Clustering by common friends finds locally significant proteins mediating modules

  • Andreopoulos B
  • An A
  • Wang X
 et al. 
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Abstract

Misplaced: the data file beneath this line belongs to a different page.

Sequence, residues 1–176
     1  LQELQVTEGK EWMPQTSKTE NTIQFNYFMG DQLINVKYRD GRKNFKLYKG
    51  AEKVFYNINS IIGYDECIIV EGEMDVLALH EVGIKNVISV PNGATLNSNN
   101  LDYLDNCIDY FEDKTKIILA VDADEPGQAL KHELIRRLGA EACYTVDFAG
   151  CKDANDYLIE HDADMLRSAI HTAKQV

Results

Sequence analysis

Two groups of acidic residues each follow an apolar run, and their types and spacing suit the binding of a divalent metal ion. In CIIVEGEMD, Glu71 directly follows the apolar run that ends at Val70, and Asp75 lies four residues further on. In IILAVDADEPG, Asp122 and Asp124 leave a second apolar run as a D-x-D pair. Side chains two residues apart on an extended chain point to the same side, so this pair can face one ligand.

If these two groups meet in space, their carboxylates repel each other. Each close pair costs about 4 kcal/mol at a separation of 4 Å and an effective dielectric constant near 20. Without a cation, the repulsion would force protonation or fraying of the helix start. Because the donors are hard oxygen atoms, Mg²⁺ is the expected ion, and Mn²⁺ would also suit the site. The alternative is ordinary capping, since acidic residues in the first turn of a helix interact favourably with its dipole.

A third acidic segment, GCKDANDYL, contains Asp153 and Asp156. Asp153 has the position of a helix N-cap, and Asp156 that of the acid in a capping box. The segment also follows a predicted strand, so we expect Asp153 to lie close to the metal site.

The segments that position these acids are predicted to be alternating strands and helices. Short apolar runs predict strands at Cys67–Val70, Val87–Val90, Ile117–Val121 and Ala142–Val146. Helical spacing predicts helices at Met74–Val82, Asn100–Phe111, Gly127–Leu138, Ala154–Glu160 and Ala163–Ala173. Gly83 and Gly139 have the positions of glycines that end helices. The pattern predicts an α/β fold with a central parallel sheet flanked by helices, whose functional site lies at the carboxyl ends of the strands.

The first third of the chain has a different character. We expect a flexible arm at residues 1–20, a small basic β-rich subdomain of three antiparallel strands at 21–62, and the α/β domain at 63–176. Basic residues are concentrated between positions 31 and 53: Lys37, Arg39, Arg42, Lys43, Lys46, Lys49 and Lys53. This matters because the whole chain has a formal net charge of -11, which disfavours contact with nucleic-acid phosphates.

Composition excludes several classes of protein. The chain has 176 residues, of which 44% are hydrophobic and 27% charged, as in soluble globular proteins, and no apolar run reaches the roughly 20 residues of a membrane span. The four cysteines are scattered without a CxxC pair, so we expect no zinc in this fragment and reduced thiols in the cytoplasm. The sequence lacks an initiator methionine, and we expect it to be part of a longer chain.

MOTIVATION: Much research has been dedicated to large-scale protein interaction networks including the analysis of scale-free topologies, network modules and the relation of domain-domain to protein-protein interaction networks. Identifying locally significant proteins that mediate the function of modules is still an open problem. Method: We use a layered clustering algorithm for interaction networks, which groups proteins by the similarity of their direct neighborhoods. We identify locally significant proteins, called mediators, which link different clusters. We apply the algorithm to a yeast network. RESULTS: Clusters and mediators are organized in hierarchies, where clusters are mediated by and act as mediators for other clusters. We compare the clusters and mediators to known yeast complexes and find agreement with precision of 71% and recall of 61%. We analyzed the functions, processes and locations of mediators and clusters. We found that 55% of mediators to a cluster are enriched with a set of diverse processes and locations, often related to translocation of biomolecules. Additionally, 82% of clusters are enriched with one or more functions. The important role of mediators is further corroborated by a comparatively higher degree of conservation across genomes. We illustrate the above findings with an example of membrane protein translocation from the cytoplasm to the inner nuclear membrane. AVAILABILITY: All software is freely available under Supplementary information.

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